What we do have is an archeologist's treasure trove of abandoned vaults, conduits, pipelines and other buried structures that have been long-forgotten. Some day these will be the pilot guides for new excavation techniques that can reclaim these abandoned spaces. Meanwhile, natural gas companies are constantly replacing old, leaky pipelines with new ones. So as not to disrupt service for long periods of time, the new lines are often laid down right next to the old ones. And to save money, the old lines are left where they are, rather than go to the expense of removing them.

Here's the cool part: the pipes that are no longer suitable for carrying flammable gas under pressure are often still serviceable as conduit for fiberoptic cable. Since they're no longer going to be carrying a potentially dangerous gas, any leaks can be made watertight cheaply. The result, an instant fiber backbone at a minimal cost.

The last mile is the most realistic application for BiG, since it's unlikely that every street will have a suitable conduit, and it's doubtful that simply energizing a large metropolitan area with uncontrollable UWB would really work. As for reading meters, an RF system has been in use for a long time in many places. I don't see utilities, gas or others, scrapping working systems and installing new ones "to save money". Similarly, those places that still have people going to each meter will have to pay for the new meters themselves, at the same time that they're making the other major capital investment. Between that and the workers' unions, "eliminating meter reader positions" would have a high initial cost at the worst possible time, speaking financially. So no, the gas companies would be in no position to offer subsidies to anyone.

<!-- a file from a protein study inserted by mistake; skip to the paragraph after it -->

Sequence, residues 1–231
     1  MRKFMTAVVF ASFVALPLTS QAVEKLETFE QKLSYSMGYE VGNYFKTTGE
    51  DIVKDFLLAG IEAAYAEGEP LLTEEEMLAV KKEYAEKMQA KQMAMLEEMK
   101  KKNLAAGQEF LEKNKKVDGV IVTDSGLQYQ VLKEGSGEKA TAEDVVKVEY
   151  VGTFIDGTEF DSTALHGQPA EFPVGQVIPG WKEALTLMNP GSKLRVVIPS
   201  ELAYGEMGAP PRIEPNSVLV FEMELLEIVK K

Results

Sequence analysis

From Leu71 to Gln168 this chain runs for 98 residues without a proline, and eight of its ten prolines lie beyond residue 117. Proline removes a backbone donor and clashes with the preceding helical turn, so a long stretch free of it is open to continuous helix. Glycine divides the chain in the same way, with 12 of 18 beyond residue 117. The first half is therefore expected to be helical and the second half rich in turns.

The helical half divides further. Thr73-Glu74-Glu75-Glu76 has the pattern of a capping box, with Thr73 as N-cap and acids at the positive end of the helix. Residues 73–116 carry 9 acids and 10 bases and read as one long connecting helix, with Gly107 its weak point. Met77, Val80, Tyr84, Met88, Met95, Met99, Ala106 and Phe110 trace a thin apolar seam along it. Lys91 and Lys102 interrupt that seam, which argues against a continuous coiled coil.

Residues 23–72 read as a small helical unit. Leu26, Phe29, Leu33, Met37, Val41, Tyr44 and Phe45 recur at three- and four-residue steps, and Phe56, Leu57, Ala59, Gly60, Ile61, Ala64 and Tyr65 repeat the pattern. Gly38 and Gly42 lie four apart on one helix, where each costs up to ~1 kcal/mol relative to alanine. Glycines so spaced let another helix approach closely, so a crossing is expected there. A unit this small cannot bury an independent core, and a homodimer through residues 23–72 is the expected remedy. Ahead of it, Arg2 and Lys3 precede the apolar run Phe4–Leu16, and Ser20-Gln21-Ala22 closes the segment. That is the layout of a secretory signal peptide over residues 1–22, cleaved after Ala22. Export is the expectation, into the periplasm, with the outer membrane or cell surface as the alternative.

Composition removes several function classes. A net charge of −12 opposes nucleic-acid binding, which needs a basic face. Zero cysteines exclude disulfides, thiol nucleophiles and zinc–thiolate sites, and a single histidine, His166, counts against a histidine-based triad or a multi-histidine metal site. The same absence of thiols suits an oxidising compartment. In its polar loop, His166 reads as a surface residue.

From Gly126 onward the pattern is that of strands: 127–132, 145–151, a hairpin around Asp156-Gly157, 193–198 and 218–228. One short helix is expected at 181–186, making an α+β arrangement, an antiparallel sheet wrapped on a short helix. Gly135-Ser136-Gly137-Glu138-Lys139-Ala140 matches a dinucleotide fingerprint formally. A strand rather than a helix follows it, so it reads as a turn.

I really doubt that the gas companies are going to attempt to bring BiG to multi-tenant buildings until the technology has proven itself, and has all of the kinks and bugs worked out in single family home neighborhoods. It's important that the initial rollout is a success. Suburban subdivisions that were built all at once, with every street and house having the same physical (and therefore, hopefully the same electrical) characteristics are the obvious places to start because they face the fewest unknown variables. I also doubt that the meter, which is usually located outside for safety reasons, would be the most suitable place to put the CPE for broadband.

ARGONAUT
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1 edit
It's all "bla bla" until it happens.
Kearnstd
Space Elf
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however using the utility and services tunnels and vaults the city owns to run the said fiber is a good deal. however gas would be con-ed owned and not NYC.
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ninjatutle
Premium

join:2006-01-02
San Ramon, CA

Worry about broadband later, fix smell and rats 1st

If they had a need to be online, they're already online.
bmn
? ? ?
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join:2001-03-15
hiatus

Broadband still a luxury...